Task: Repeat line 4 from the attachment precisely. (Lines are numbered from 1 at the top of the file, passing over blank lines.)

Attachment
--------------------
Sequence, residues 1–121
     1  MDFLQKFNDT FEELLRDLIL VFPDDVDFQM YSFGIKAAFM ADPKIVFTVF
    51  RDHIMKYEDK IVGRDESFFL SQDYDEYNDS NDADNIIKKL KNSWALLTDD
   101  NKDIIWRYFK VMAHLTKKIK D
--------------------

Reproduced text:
   101  NKDIIWRYFK VMAHLTKKIK D